Building the Empathy Muscle
Katey, an early education provider who works out of her home, is worried about reopening. Many early education providers reopened on June 29th this summer.

“I don’t know how you do it.” I cringe still thinking about saying that to a colleague last week, who called me from the car with their partner and two young kids. It’s a thoughtless cliche I’ve repeated since March to anyone who has been navigating COVID-19 with children. As a happily childless person in her early 30’s, what else is there for me to say? I don’t get it.

Author, Head of LVN — MA Jess Weaver

COVID seems to have set in stark relief our different living situations, making it harder to know what words of empathy to offer. Five months into quarantine and looking ahead to reopening, it also just seems like we’re just tired. The energy to empathize isn’t as readily available. While the stakes feel higher than ever, it gets harder to listen, to say you don’t know. To sit with nuance, complexity, and contradiction. In this moment, empathy — and its very real policy implications — is actually a life or death matter. Yet we aren’t listening to the people who actually teach us help us build that very muscle in our formative years: early education providers.

I’ve spent the last month talking to almost 20 early education providers about reopening in the midst of COVID-19, in five recorded conversations through my role as a project lead and facilitator at Local Voices Network. We partnered with the Massachusetts Association for the Education of Young Children to gather classroom teachers, trainers, case managers and family childcare providers. I was nervous, uncertain I would be able to relate. I asked more than a few dumb questions.

I was met with generosity and an outpouring of stories from women (yes, all the participants were women) who were confused, eager, angry, and above all, conflicted. They were concerned for their own families, and those of the children they care for. They worried for the other educators that had been furloughed, like Patty, who was one of 18 left when her center closed. When it reopened as an emergency center, five were brought back. They now operate with seven fulltime and one part-time, who also works as their cleaner. The decisions seemed impossible.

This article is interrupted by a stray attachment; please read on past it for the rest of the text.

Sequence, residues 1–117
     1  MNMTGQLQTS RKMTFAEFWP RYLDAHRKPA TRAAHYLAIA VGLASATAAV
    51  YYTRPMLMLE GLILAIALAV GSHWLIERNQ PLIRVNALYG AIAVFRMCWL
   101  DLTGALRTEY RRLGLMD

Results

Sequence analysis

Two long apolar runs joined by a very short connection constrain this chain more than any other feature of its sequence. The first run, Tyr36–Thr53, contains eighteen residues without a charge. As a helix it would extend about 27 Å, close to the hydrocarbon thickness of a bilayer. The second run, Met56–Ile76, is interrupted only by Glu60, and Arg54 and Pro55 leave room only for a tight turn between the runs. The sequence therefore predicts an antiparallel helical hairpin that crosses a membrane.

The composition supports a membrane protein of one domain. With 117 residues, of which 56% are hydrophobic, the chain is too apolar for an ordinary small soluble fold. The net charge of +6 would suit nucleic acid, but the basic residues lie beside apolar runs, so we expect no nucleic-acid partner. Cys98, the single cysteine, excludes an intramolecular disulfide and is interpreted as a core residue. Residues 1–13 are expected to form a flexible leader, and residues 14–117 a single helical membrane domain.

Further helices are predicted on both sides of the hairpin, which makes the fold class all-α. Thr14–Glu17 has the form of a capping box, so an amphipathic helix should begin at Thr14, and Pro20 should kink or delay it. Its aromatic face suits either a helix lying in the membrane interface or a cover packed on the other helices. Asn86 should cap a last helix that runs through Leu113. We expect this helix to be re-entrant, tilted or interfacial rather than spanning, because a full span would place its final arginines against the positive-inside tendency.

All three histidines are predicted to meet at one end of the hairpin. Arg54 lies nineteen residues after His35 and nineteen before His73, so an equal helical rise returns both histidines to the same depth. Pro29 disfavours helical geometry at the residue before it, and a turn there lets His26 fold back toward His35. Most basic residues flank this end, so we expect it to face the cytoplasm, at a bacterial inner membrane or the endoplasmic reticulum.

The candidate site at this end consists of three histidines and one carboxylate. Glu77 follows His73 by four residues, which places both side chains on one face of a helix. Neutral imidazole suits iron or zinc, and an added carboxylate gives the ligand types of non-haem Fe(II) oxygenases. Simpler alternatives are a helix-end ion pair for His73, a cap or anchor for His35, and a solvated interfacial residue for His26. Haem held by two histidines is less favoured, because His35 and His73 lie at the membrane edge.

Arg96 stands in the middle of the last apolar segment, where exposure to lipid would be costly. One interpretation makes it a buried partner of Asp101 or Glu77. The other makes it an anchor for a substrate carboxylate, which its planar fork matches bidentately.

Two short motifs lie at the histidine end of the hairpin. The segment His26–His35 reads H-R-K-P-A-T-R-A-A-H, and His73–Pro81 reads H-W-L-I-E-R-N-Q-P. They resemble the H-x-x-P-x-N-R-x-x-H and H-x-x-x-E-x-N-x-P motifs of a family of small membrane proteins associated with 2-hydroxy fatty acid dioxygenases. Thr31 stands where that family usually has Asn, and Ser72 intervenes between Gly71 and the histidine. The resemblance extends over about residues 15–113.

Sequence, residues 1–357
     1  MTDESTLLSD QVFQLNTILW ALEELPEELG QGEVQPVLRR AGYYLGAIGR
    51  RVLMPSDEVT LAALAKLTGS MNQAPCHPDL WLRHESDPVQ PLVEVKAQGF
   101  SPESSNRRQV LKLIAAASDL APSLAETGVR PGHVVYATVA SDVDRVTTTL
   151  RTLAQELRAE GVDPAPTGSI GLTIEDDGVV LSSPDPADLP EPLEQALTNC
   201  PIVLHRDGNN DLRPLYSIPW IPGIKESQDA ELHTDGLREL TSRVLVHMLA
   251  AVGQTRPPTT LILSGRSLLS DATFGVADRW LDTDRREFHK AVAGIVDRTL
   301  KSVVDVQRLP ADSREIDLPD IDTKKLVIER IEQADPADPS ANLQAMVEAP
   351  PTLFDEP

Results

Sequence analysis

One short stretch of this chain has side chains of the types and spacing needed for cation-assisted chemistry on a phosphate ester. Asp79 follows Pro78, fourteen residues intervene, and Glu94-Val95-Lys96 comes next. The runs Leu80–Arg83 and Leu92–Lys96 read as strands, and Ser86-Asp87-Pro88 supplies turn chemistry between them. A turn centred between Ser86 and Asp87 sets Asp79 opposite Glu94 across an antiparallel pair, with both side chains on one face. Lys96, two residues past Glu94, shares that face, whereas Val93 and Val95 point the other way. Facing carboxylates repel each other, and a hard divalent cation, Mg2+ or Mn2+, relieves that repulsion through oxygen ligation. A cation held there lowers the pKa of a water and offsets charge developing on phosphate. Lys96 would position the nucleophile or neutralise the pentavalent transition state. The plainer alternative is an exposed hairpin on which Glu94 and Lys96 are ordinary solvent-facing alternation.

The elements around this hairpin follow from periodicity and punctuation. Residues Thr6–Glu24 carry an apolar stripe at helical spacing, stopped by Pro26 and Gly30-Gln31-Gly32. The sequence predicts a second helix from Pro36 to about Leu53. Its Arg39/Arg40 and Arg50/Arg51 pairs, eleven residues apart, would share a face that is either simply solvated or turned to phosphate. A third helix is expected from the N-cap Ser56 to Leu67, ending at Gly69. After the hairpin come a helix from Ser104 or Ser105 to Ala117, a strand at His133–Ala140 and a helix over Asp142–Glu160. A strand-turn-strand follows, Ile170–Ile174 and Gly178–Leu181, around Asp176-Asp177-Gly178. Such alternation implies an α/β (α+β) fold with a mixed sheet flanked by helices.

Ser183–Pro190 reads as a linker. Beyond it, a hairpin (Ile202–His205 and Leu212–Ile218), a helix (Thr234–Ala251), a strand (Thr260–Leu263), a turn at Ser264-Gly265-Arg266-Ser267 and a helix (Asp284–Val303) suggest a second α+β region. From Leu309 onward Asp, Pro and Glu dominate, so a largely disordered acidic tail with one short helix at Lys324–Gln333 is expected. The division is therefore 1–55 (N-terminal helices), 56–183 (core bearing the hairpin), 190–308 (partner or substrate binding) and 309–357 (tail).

What if each morning meant deciding to show up for the children you care for each day or to protect your own? That’s essentially the choice that Tammy, a Headstart provider in Springfield, had to make last week, when her Headstart program reopened. With a husband battling a terminal illness, she decided to work virtually, swallowing a sense of guilt as she Zoomed with colleagues back in the classroom.

What about those for whom their home is the classroom? Family childcare providers are constantly navigating the jobs they love and the homes they want to protect. They’re rearranging space, saving for PPE and frantically trying to find the right cleaning supplies. Michelle, from Pittsfield, explained to me that she’s trying to figure out how, without renovation, her home can accommodate socially distanced children from 18 months to five years old. Jenny, a Headstart provider, works with children from families of at-risk populations like day laborers, and she isn’t sure if she should reopen or not. And Katey raised a critically important question about liability: “Who can I sue if I get COVID? No one. But someone can turn around and sue me.”

If I’ve learned anything about this field, it is not staffed by the faint of heart or the quick to complain. These women have innovated endlessly in spite of confusing, ever-shifting reopening requirements. They offered virtual storytime, toy show and tell, drive-by birthdays, and a field trip to the New England Aquarium — unsure of future enrollment, and thus their financial fate. They also held incredible empathy for those who in no small part would decide that: parents. Patty, as always, said it best. For people bound together by love and care, but also money and risk, I was moved to hear, “I don’t know what the right answer is, but let’s figure it out together.” I heard of parents donating back to a transitional kindergarten program in Arlington. I heard from a family childcare provider who donates food back to the parents whose children she cares for. Others cut their daily rates.

Early education providers certainly aren’t the only ones having to make incredibly difficult choices. The field is one of many in crisis. I think what made these conversations so emotional was the profound responsibility shouldered by these women, who know — even if no one is listening to them or paying them like it — how essential their work is critical to shaping how we engage with each other for years to come. I remember who those people were for me. Their work nurtures young minds to care about the welfare of others. Nicole, a transitional kindergarten teacher, shared how she educates her children about why we wear masks: to protect others.

Even if I don’t have kids, I want to live in a state that invests in strengthening our empathy muscles so they can keep working — especially when we’re tired. To do that, we have to listen to the people shaping us all at that early age, showing up for who we will become before we know. As the reopening debate intensifies, we have to do better — even if we don’t have kids in school — than “I don’t know how you do it.”

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